We are exposed to risks associated with reduced profitability and the potential financial instability of our collaboration partners or customers, many of which may be adversely affected by volatile conditions in the financial markets. For example, unemployment and underemployment, and the resultant loss of insurance, may decrease the demand for healthcare services and pharmaceuticals. If fewer patients are seeking medical care because they do not have insurance coverage, our collaboration partners or customers may experience reductions in revenues, profitability and/or cash flow that could lead them to reduce their support of our programs or financing activities. If collaboration partners or customers are not successful in generating sufficient revenue or are precluded from securing financing, they may not be able to pay, or may delay payment of, accounts receivable that are owed to us. In addition, the volatility in the financial markets could cause significant fluctuations in the interest rate and currency markets. We currently do not hedge for these risks. The foregoing events, in turn, could adversely affect our financial condition and liquidity. In addition, if economic challenges in the United States result in widespread and prolonged unemployment, either regionally or on a national basis, prior to the effectiveness of certain provisions of the Patient Protection and Affordable Care Act, as amended by the Health Care and Education Reconciliation Act, collectively known as the Affordable Care Act, a substantial number of people may become uninsured or underinsured. To the extent economic challenges result in fewer individuals pursuing or being able to afford our product candidates once commercialized, our business, results of operations, financial condition and cash flows could be adversely affected.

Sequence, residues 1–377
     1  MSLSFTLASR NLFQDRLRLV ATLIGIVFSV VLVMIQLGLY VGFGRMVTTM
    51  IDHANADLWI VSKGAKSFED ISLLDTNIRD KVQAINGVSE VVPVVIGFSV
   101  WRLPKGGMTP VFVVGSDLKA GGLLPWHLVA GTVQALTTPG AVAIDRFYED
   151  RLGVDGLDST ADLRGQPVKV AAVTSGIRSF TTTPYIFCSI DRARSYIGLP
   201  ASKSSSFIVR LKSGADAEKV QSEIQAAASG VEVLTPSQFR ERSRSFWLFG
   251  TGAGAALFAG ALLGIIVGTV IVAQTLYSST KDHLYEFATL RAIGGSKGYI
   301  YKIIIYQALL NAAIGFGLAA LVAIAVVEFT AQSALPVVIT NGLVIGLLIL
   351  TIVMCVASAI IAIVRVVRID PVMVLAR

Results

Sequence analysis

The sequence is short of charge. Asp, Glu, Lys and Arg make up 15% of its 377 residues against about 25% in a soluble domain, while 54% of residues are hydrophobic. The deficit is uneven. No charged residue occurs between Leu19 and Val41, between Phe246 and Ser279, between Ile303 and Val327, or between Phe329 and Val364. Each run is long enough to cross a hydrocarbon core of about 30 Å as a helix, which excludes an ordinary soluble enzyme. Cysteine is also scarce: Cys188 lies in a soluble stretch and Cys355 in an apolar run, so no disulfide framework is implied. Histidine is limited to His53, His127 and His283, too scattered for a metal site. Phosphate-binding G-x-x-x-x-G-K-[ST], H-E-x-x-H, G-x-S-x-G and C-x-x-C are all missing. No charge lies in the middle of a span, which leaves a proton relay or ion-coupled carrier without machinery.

We may be adversely affected by earthquakes or other natural disasters and our business continuity and disaster recovery plans may not adequately protect us from a serious disaster.

Our corporate headquarters and other facilities are located in the San Francisco Bay Area, which in the past has experienced severe earthquakes. We do not carry earthquake insurance. Earthquakes or other natural disasters could severely disrupt our operations, and have a material adverse effect on our business, results of operations, financial condition and prospects.